High blood pressure, or hypertension, is commonly associated with heart disease and can cause stroke, heart failure and heart attack. Fortunately, the so-called silent killer is readily detectable. A doctor or nurse puts the cuff around your arm and inflates it until blood flow is cut off. As the cuff deflates, the doctor records the points at which blood can be heard to begin flowing again (the systolic pressure) and as it fully resumes (the diastolic pressure).

Health Guide: Heart Disease
Monitoring blood pressure is both useful and inexpensive.
Fred R. Conrad/The New York Times


A normal reading for a healthy person is below 140/90 millimeters of mercury. Any abnormal reading should be confirmed at least three times, as single readings can be misleading. Some patients experience an increase in pressure simply because they’re in the doctor’s office — “white coat hypertension,” it’s called.

A cholesterol screening, also called a fasting lipoprotein profile, helps doctors find coronary artery disease, the most common type of heart disease, and other artery diseases. C.A.D. occurs when fatty deposits, or plaque, choke off the flow of blood in arteries supplying the heart, weakening the muscle and often causing chest pain.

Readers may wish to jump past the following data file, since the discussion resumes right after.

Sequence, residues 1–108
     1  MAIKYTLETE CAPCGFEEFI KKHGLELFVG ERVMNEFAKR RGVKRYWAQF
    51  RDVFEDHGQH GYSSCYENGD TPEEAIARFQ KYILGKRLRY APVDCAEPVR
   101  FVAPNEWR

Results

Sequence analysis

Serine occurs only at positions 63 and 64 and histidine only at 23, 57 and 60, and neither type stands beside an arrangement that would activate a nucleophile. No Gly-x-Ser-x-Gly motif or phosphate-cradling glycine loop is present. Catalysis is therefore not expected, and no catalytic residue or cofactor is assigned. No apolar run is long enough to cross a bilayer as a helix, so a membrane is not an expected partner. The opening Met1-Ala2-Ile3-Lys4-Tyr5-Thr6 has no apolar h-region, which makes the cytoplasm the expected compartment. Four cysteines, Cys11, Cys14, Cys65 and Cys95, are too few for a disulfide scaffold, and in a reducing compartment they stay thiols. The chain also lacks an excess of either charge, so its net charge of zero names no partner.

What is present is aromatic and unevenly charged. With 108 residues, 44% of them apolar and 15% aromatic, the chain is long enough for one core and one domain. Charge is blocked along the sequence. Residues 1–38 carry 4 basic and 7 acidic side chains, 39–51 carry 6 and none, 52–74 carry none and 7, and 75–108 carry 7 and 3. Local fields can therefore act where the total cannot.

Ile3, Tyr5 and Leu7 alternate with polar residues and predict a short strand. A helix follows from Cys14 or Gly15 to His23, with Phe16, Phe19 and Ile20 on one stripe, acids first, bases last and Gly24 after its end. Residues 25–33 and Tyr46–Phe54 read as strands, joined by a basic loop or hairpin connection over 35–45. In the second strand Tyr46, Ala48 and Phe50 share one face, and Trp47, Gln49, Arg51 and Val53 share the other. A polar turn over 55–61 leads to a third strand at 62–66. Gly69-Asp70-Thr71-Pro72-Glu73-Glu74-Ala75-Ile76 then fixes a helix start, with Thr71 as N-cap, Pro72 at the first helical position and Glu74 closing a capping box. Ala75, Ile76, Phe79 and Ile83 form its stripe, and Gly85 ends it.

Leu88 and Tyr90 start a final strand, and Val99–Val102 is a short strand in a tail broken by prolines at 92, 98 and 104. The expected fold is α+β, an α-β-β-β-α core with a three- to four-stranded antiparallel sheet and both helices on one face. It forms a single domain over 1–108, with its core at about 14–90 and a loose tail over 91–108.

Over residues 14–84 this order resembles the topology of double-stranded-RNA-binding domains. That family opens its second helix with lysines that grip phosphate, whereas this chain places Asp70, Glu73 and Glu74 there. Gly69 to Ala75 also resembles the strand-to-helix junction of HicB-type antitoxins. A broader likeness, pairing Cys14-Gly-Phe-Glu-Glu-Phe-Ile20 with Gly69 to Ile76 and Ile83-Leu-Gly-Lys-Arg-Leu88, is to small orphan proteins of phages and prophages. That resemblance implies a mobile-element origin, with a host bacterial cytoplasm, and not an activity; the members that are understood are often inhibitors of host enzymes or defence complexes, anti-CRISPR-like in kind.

A simple test tells doctors your blood levels of total cholesterol, LDL (or “bad” cholesterol), HDL (“good” cholesterol) and fats called triglycerides. The test indicates a possible risk for heart disease if:

¶ Total cholesterol is above 200 milligrams per deciliter.
¶ HDL is below 40 milligrams per deciliter in men, or 50 milligrams per deciliter in women.
¶ LDL is above 130 milligrams per deciliter.
¶ Triglycerides are above 150 milligrams per deciliter.

The American Heart Association recommends that adults over age 20 receive a blood pressure screening at every doctor’s visit or at least once every two years. Cholesterol screenings should be given once every five years to men under age 45 and women under age 50 who have no other risks for heart disease.